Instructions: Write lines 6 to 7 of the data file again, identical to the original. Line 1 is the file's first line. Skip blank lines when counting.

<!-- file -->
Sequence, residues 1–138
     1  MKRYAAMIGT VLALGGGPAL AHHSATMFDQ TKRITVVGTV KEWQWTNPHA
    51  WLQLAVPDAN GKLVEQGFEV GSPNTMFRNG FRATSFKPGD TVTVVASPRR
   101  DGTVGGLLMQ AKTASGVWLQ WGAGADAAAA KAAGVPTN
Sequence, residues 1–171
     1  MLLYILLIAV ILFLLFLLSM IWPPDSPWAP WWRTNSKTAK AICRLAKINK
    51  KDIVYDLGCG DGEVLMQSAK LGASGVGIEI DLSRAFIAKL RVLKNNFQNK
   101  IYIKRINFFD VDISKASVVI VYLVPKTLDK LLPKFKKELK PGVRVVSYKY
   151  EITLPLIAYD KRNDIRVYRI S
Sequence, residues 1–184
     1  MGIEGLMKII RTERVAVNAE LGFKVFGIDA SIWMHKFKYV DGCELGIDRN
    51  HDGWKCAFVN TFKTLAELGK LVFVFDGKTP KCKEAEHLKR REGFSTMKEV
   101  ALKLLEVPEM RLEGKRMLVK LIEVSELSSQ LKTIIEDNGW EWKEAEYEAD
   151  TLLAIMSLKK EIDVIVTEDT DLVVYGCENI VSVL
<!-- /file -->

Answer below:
     1  MLLYILLIAV ILFLLFLLSM IWPPDSPWAP WWRTNSKTAK AICRLAKINK
    51  KDIVYDLGCG DGEVLMQSAK LGASGVGIEI DLSRAFIAKL RVLKNNFQNK